"We've got a lot of work we have to do, a lot of improvement we need to do," said Wilson, who is preparing his team for its regular season home finale against Wisconsin Saturday. "It's obvious what's at stake, and our kids have hung in there (and) gotten better. We're still a young team, immature in some areas physically."
That youthfulness was present early on in Wilson's second season in Bloomington. A year after playing 16 true freshmen, Indiana's fall camp roster was comprised of 76 underclassmen (72.4 percent) - 39 were freshmen (37.1) and 32 were true freshmen (30.5) – and it showed during a five-game losing streak from mid September to late October.
Indiana lost four games by one possession and a combined eight points. It blew a 17-point home lead vs. Michigan State, a 9-point fourth-quarter lead at Navy and lost a 52-49 shootout when it hosted then-No.8 Ohio State.
"We're a long way away from being a good football team," said Wilson, "but we're getting better."
That's been evident over the past two weeks. A year after the Hoosiers won just one game in Wilson's first season (and none over a FBS school), Indiana (4-5, 2-3 Big Ten) controls its fate in order to make just its second Rose Bowl ever (its only appearance was a 14-3 loss to USC in 1968).
After a 24-21 home victory over Iowa Saturday, Indiana has won consecutive conference games for the first time since 2007. A win over Wisconsin (6-3, 3-2) would give Indiana its first three-game Big Ten winning streak since 1993, impressive for a program that has averaged 1.7 Big Ten wins over the last 15 seasons.
But for a program that has made only nine bowls of any kind in 125 years or just one after 1993, Wilson doesn't buy into the hype of playing a ‘meaningful game' this weekend, especially since Indiana is sub-.500 and last week's home game barely drew 40,000 fans.
"We always play in bad TV spots," said Wilson, noting Saturday's ‘big-game' kickoff as 11 a.m. CT. "We don't get much coverage."
And while it's true the Hoosiers must win two of their final three games to get bowl eligible for the first time since 2007, the underdog card played by Wilson – the former Oklahoma offensive coordinator who won the Broyles Award, given to the top assistant in college football annually, in 2008 – is a calculated maneuver: he wants people to look at their record, instead of looking at their consistently-improving personnel.
The Hoosiers have scored the third-most points in the conference, scored more points (298) this season than they scored all of last season (257) and has scored 24-or-more points in each game this season and 10 straight overall, a school record.
Indiana uses an up-tempo style offense slightly similar to the way Oregon attacked Wisconsin last season. Having eight touchdown drives under 60 seconds and 17 touchdown drives under 90 seconds, Indiana is running a play every 21.1 seconds and 27 of its last 33 scoring drives have taken three minutes or less.
Last week against Iowa, quarterback Cameron Coffman – one of two IU uses - became the Hoosiers first 300-yard passer since 2010, and did it despite playing in only two first half drives. All three of his touchdown throws went to sophomore Cody Latimer, who caught seven passes for 113 yards and three touchdowns en route to being names the Big Ten's co-offensive player of the week.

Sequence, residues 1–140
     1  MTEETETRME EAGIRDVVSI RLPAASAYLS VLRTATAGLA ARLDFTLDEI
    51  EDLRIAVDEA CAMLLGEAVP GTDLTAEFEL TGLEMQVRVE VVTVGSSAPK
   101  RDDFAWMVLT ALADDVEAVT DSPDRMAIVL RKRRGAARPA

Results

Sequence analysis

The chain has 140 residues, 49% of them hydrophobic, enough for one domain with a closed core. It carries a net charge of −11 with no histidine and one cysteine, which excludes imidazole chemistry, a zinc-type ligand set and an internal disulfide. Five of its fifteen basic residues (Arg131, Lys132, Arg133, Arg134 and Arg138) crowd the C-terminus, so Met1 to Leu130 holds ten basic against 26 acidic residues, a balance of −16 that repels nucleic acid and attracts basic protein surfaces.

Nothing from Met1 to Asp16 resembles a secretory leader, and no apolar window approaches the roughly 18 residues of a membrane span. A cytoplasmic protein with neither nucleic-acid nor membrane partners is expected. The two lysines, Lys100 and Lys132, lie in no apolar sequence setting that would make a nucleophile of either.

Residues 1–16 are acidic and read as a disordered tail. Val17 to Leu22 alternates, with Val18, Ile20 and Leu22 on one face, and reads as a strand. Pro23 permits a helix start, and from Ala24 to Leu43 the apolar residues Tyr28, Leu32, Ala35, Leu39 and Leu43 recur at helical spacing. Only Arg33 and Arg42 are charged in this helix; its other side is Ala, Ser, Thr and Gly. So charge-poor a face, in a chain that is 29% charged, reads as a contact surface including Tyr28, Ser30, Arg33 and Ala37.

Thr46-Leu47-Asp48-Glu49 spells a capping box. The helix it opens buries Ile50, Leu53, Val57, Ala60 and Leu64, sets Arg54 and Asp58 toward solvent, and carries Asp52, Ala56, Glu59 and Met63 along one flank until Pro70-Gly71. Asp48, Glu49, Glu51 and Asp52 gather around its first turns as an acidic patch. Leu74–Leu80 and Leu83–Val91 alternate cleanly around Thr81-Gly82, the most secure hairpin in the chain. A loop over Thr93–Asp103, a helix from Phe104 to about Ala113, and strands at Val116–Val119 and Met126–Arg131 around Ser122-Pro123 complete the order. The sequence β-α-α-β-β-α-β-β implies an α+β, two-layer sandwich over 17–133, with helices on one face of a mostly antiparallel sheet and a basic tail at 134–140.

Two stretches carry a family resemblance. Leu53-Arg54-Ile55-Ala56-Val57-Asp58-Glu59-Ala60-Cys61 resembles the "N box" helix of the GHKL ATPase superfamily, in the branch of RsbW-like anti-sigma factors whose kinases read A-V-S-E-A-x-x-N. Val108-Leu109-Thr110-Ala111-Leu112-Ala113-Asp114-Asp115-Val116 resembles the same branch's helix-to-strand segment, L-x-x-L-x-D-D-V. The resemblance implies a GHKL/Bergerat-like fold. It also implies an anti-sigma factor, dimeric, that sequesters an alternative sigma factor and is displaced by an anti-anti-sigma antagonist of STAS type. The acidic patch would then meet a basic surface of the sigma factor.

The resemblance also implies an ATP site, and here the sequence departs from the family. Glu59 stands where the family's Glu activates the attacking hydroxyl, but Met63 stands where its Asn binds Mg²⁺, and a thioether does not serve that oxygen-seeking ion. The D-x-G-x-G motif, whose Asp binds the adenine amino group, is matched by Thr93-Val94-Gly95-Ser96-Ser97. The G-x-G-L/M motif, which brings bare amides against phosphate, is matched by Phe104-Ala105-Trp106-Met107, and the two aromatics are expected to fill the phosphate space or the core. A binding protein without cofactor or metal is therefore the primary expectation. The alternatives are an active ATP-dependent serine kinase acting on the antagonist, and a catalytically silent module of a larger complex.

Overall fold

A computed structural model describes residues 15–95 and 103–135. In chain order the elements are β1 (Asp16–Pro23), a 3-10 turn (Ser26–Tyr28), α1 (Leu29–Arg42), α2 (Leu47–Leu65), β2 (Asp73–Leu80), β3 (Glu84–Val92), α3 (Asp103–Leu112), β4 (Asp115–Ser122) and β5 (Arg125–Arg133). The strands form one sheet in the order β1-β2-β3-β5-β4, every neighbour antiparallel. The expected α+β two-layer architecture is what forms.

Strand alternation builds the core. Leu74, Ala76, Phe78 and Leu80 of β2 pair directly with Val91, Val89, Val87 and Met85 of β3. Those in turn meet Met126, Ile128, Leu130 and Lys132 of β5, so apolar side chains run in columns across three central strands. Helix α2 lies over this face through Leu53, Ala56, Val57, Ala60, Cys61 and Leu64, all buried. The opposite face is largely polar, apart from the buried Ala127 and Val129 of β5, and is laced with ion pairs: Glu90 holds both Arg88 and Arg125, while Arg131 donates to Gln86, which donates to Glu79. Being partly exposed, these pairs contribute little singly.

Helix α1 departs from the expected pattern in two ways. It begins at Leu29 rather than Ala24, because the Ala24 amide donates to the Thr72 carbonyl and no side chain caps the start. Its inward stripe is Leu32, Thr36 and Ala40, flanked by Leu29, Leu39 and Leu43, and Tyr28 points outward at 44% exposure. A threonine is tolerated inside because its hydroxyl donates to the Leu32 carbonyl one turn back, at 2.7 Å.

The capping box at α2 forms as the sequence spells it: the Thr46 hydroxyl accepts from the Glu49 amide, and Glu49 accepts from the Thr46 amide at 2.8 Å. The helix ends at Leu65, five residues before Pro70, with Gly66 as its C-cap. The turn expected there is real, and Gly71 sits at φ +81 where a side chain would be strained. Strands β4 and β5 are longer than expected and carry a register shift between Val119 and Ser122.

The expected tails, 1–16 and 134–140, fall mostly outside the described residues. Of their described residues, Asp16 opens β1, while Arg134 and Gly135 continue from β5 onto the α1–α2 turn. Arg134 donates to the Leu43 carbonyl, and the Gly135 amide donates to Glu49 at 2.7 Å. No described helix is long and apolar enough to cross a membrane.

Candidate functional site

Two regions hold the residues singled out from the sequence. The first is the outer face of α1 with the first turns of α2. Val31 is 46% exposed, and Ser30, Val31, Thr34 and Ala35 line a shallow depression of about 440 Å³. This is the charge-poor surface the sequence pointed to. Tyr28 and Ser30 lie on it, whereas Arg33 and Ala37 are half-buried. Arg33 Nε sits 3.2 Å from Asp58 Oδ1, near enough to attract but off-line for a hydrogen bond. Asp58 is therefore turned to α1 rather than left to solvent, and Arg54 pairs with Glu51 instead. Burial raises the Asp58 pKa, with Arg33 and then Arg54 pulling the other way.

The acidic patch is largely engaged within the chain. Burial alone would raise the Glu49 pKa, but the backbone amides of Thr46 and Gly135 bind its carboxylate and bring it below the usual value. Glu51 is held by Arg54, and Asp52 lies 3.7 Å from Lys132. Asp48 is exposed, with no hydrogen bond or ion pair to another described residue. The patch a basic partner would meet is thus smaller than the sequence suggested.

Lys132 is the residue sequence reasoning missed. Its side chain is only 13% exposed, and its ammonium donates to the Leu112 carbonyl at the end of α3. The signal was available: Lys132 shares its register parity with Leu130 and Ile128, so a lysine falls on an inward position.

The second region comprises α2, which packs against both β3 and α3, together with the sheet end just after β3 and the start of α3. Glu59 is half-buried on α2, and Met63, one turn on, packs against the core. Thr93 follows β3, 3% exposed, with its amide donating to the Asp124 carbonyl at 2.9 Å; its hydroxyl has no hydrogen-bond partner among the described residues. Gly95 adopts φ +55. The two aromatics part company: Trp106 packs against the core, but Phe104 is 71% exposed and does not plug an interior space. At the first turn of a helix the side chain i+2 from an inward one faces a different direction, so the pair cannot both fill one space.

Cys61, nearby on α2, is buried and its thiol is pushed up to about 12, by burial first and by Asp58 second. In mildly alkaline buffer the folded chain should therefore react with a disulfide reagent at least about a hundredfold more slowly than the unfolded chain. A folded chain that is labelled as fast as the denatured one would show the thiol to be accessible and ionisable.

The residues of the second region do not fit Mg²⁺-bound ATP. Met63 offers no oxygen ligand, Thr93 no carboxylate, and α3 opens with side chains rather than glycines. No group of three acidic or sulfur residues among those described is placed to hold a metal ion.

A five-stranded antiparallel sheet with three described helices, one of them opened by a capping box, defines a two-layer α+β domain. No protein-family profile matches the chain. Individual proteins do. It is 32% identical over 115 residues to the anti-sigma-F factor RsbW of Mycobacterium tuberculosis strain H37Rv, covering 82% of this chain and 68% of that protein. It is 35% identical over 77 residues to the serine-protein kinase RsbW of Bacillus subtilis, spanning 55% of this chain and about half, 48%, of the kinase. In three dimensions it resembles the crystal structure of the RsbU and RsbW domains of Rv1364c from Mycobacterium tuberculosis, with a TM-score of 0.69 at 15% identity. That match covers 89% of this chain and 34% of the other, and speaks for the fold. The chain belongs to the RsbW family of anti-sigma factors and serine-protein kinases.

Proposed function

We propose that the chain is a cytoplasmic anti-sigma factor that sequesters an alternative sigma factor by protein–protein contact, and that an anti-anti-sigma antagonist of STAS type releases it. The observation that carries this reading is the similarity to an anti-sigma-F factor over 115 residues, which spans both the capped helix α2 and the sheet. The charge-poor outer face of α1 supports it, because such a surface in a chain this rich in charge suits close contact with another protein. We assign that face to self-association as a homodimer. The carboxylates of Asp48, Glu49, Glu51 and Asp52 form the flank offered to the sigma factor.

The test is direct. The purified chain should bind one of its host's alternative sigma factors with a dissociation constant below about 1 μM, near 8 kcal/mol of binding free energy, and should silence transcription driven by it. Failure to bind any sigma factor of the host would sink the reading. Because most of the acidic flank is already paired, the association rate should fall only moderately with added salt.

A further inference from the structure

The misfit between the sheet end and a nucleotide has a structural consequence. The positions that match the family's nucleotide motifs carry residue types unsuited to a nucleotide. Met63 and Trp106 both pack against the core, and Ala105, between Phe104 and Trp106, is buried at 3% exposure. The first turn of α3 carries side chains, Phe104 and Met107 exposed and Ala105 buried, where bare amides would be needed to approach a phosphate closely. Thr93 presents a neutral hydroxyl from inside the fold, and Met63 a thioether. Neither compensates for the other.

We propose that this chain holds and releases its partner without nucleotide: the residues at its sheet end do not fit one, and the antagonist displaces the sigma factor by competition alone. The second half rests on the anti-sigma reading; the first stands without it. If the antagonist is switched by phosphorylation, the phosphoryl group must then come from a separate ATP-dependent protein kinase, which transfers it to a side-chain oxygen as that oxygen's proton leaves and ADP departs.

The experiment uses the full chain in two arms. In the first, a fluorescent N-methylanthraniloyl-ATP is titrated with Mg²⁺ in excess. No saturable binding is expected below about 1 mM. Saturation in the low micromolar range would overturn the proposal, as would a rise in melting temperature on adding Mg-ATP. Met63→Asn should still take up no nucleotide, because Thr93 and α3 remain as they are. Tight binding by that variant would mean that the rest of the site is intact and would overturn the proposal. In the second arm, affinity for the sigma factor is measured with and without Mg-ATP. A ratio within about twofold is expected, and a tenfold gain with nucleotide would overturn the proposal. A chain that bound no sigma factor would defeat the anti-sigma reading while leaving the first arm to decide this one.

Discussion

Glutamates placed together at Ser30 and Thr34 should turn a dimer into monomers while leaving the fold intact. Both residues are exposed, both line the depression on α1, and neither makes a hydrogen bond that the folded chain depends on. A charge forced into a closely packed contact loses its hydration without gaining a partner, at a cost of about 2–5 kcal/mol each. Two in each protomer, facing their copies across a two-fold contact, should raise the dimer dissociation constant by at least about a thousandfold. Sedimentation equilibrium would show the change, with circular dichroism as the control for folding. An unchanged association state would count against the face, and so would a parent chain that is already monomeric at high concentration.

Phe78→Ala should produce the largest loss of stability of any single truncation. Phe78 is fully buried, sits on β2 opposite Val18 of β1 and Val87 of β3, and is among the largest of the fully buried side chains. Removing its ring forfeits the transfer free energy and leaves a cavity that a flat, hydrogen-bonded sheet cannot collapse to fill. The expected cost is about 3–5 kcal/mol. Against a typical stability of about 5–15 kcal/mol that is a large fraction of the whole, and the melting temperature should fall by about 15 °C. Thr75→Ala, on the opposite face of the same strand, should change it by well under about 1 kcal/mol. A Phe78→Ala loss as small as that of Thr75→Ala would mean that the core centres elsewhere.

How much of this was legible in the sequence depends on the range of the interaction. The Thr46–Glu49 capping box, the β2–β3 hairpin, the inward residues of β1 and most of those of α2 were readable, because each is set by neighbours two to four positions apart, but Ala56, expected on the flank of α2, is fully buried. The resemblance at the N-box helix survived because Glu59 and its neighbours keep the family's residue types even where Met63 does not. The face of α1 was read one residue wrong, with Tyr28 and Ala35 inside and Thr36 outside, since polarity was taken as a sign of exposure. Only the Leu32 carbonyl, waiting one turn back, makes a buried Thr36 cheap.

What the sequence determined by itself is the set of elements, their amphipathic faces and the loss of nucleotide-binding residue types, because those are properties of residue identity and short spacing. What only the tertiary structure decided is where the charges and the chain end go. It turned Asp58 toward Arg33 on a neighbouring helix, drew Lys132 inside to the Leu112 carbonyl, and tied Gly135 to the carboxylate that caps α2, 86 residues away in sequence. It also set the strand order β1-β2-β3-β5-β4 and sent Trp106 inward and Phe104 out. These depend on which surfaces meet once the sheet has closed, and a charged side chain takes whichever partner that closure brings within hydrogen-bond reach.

"I think he was a pretty good sleeper-type recruit," said Wilson. "I don't think he's played his best yet."
The Hoosiers are rushing for 150 yards per game, but averaging 299.9 yards per game through the air; a number that is boosted by their ability to protect the quarterback and hang on to the football. Through nine games, Indiana has allowed just 12 sacks, one per every 31.8 pass attempts, and committed just seven turnovers (six interceptions and one fumble), which is tied for the third-lowest mark in the country.
But for as much as it's made about Indiana's up-tempo offense, the improvement of the Hoosiers' defense has put Indiana in position to make it to Indianapolis.
Allowing 42.3 points, 275 pass yards, 289 rush yards and 564 total yards per game in week's four through six, Indiana has allowed 18.3 points, 173.7 pass yards, 183 rush yards and 356.7 total yards per game.
Against Iowa, the Hawkeyes' offense had five possessions that were three plays and out while Indiana had seven tackles for loss.
"We're getting players in better places," said Wilson. "Physically we're getting a little bit better. We've only got two seniors on defense. We've embraced getting better every day."
When asked about Wisconsin coach Bret Bielema's decision to not name a starting quarterback, Wilson expecting downplayed the decision, saying he expects Wisconsin to run its offense like it has previous weeks.
Just like any coach building program, Wilson said the responsibility is on his team if it wants to be known more than just a basketball school.
"We're going to play as hard as we can," Wilson said. "We're just going to keep plugging along, getting better in doing what we're doing … and just control what we do.
"We have a really good group, we've got a good thing going, we got a great school, we're going to get a great fan base behind us and we're going to build a quality product."